### Example 2: Calculating Adjusted R-squared using statsmodels

Statsmodels is another powerful Python library for statistical analysis. To calculate the adjusted R-squared in a multiple linear regression model using statsmodels, we can follow these steps:

- Import the necessary libraries and load the data:

```
import pandas as pd
import statsmodels.api as sm
# Load the data
df = pd.read_csv('mpg.csv')
X = df[['wt', 'drat', 'qsec', 'hp']]
y = df['mpg']
```

- Fit the linear regression model:

```
X = sm.add_constant(X)
model = sm.OLS(y, X).fit()
```

- Calculate R-squared and adjusted R-squared:

```
n = len(y)
k = len(X.columns) - 1
R_squared = model.rsquared
adjusted_R_squared = 1 - (((1 - R_squared) * (n - 1)) / (n - k - 1))
print(f'R-squared: {R_squared:.3f}')
print(f'Adjusted R-squared: {adjusted_R_squared:.3f}')
```

#### Output:

```
R-squared: 0.819
Adjusted R-squared: 0.800
```

## Additional Resources

Linear regression is a vast topic, and there are many resources available online to learn more about it. Some great resources include online courses, tutorials, and books.

### Some of the best online resources for learning linear regression in Python include:

- Scikit-learn Documentation – The official documentation for Scikit-learn, which includes detailed tutorials on linear regression and other machine learning techniques.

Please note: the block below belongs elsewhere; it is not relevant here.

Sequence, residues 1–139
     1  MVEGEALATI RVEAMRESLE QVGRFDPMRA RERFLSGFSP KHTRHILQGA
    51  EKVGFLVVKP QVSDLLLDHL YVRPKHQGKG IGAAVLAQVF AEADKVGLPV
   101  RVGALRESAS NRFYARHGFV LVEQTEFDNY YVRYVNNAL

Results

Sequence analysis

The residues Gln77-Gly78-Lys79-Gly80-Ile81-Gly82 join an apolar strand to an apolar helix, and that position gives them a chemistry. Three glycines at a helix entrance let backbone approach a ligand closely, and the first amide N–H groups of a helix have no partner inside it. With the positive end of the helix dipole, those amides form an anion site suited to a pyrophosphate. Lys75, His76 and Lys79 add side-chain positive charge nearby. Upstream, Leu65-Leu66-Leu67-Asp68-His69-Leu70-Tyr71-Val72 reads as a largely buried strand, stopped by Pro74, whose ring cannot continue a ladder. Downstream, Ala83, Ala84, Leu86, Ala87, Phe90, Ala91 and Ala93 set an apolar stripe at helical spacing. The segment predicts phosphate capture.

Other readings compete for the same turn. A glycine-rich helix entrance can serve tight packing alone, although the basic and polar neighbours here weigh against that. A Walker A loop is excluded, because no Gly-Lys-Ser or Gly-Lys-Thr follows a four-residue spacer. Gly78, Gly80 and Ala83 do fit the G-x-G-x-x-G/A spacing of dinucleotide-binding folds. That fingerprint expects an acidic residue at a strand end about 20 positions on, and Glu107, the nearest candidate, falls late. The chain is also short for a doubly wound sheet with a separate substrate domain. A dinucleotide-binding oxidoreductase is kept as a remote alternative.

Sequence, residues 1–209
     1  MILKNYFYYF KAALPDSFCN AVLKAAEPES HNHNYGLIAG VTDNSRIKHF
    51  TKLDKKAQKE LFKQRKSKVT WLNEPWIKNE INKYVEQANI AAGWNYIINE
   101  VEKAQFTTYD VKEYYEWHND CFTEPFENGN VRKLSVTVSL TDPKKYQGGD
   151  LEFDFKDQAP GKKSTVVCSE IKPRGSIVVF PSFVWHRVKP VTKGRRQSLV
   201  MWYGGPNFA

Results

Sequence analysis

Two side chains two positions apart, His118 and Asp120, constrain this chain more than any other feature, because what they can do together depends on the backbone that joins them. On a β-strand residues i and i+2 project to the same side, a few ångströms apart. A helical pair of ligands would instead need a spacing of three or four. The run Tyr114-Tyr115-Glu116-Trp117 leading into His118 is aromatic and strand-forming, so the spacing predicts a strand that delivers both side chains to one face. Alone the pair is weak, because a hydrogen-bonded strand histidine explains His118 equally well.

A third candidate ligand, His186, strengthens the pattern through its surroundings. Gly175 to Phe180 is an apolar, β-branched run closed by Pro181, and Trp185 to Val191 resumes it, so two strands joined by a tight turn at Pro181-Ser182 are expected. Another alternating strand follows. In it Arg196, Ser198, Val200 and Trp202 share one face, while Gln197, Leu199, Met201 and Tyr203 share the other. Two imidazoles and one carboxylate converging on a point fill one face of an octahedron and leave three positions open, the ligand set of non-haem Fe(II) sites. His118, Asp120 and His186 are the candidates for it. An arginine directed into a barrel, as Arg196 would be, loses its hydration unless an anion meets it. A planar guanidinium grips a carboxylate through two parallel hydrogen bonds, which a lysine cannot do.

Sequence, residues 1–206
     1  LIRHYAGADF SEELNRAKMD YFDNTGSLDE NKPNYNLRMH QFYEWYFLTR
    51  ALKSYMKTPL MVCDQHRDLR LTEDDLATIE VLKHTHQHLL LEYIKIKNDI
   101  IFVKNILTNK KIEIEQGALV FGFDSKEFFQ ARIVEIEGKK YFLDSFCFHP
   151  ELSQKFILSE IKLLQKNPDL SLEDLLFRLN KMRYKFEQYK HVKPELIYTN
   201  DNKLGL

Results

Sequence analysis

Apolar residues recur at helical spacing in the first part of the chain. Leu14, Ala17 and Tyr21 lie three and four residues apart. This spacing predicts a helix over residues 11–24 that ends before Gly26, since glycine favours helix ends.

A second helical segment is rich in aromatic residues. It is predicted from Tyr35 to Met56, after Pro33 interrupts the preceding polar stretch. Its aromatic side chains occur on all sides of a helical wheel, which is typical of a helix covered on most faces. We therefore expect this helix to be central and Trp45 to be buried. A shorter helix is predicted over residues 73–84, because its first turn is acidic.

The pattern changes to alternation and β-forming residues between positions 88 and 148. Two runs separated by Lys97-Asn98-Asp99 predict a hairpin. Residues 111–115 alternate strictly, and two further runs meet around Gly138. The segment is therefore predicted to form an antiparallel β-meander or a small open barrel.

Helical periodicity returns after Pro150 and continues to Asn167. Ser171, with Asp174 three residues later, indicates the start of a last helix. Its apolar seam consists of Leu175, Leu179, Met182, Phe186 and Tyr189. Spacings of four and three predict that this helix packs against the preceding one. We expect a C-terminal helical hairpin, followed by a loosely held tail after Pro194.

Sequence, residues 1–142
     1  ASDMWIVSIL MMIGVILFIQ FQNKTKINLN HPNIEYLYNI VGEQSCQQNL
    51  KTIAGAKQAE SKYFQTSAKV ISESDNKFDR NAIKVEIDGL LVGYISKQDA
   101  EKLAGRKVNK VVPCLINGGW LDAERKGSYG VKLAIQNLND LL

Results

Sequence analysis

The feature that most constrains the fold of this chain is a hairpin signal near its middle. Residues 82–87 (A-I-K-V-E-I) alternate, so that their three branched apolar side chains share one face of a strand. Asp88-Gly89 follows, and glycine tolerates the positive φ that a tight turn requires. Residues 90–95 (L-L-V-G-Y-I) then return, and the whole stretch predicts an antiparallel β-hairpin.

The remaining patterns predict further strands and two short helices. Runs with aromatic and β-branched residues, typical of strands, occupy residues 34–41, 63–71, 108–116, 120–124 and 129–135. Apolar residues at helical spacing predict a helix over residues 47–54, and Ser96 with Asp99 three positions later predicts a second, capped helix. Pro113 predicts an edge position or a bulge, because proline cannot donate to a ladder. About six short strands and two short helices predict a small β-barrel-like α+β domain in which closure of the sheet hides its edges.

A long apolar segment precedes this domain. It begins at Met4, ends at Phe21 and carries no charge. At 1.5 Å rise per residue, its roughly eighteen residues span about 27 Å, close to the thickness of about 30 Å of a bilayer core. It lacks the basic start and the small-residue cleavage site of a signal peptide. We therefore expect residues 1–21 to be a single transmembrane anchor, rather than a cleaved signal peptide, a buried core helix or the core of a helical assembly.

- Statsmodels Documentation – The official documentation for Statsmodels, which includes detailed tutorials on linear regression and other statistical techniques.
- Coursera – Coursera offers many courses on linear regression and other topics in data analysis.
- Udemy – Udemy offers many courses on linear regression and other topics in data analysis.
- DataCamp – DataCamp offers many courses on linear regression and other topics in data analysis.

## Conclusion

In conclusion, R-squared and adjusted R-squared are important metrics for evaluating the performance of a linear regression model. R-squared measures the goodness of fit of the model, while adjusted R-squared takes into account the number of predictor variables in the model and provides a more realistic estimate of the goodness of fit.

Sklearn and statsmodels are two powerful Python libraries that can be used to calculate these metrics in a multiple linear regression model. There are many resources available online to learn more about the topic, including tutorials, courses, and books.

In summary, R-squared and adjusted R-squared are essential metrics for evaluating the performance of a linear regression model. R-squared measures the goodness of fit of the model, while adjusted R-squared provides a more realistic estimate that takes into account the number of predictor variables in the model.

Using Python libraries such as sklearn and statsmodels, one can easily calculate these metrics. Resources such as online courses, tutorials, and books provide further educational opportunities for learning about linear regression and how to apply it in data analysis.

Understanding and utilizing these metrics are crucial for developing a useful and meaningful linear regression model.